Orcas Island Library is happy to announce a new literature course, starting on Feb. 1. Dictatorship Imagined: Novels of Authoritarianism and Totalitarianism will address the fact that daily news and events can be confusing and disorienting, and it can be difficult to know what to think. Narrative fictions can help us view the lives of characters in imagined (but often rooted in history) authoritarian and totalitarian societies, both from a distance and from the inside.
The 13-week course will be taught by Professor of German Emeritus Jens Kruse and will will explore multiple works of fiction, in order to understand our current political situation more clearly and confront it more effectively.
There are just a few spots left – you can sign up at the library, or call (360)376-4985. Cost for class materials is $40, payable at the first class meeting.
After the fall of the Berlin wall in 1989 and the subsequent collapse of the Soviet Union, it seemed for a while that democratic forms of government were ascendant and that soon authoritarian and totalitarian forms of government would be a topic for history books only. But in recent years authoritarian rule has reasserted itself in Russia, some member states of the European Union have become increasingly authoritarian (Hungary, Poland, Czech Republic), in other countries authoritarian political movements have gained strength, and even the United States – long considered the leader of democratic nations – has recently elected a president with clear authoritarian inclinations, and democratic institutions and norms are under daily assault.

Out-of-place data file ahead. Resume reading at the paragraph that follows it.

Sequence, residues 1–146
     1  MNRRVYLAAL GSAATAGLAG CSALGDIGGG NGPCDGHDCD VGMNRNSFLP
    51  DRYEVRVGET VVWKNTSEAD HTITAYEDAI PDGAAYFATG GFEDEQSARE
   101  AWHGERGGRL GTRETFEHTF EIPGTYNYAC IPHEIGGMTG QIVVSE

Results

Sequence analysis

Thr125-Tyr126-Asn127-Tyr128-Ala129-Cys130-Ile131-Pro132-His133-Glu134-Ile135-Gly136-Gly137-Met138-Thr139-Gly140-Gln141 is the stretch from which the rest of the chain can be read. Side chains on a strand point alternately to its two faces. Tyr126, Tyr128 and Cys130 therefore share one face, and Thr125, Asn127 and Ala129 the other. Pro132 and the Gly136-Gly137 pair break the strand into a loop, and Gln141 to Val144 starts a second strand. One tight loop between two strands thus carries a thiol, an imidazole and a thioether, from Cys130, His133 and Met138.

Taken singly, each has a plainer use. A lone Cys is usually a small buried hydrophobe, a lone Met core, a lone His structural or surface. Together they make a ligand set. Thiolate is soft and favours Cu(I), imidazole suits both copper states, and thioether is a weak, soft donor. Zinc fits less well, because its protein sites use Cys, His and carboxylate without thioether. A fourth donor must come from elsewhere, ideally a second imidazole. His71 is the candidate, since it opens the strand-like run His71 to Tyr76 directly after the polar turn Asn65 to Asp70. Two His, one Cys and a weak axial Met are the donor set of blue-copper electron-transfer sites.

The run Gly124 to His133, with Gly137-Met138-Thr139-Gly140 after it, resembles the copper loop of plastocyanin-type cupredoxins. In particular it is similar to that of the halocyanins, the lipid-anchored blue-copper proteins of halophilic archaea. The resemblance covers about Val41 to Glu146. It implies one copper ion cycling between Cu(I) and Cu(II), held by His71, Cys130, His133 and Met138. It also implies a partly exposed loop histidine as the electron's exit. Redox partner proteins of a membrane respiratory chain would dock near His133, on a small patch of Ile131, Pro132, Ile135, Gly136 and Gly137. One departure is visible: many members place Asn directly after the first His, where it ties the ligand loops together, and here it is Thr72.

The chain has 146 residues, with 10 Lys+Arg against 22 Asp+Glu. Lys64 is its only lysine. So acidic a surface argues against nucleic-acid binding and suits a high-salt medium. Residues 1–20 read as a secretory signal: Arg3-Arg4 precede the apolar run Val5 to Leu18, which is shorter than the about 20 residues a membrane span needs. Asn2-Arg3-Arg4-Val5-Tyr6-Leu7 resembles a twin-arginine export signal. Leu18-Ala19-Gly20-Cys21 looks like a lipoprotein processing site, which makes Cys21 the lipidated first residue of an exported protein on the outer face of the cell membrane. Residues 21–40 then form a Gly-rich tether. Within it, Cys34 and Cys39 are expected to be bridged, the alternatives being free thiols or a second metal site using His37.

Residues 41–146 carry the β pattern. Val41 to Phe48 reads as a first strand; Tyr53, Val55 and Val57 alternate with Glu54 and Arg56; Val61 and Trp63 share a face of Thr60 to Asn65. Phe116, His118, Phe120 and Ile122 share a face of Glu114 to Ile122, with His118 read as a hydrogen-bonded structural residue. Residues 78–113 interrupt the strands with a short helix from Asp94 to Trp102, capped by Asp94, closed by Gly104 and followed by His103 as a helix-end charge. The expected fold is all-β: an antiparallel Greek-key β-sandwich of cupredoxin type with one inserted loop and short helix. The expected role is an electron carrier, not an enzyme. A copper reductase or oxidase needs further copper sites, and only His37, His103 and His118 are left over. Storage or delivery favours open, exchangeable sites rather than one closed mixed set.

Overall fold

For those who live in this moment, the daily news and events can be confusing and disorienting and it can be difficult to know what to think, how to behave and react. In this situation, narrative fictions can help us view the lives of characters in imagined (but often rooted in history) authoritarian and totalitarian societies, both from a distance and from the inside.
The class will study and discuss 11 novels in 13 weekly meetings of two hours, on Thursdays from 10 a.m. – 12 p.m. (see weekly schedule). In most class session Kruse will give a brief introduction to the novel, its author and its historical context. But most of the class time will be devoted to conversation and discussion. Class participation is very important and therefore the only clear expectation in this course is the careful and timely reading of the novels.
With each novel, participants will try to build our understanding of these imagined authoritarian and totalitarian states and societies from the narrative up, rather than from theoretical concepts down. Kruse will, however, occasionally add theoretical and conceptual texts to the discussion, in order to firm up and refine our observations and analyses.
By the end of the seminar, participants should have a clearer understanding what the elements, characteristics, features and methods of authoritarian and totalitarian rule are. They will also have seen how people who live under those regimes adapt, resist, rebel, live, or die. These observations and understandings will hopefully be useful to the readers and citizens in a democracy that is worth defending and in need of defense.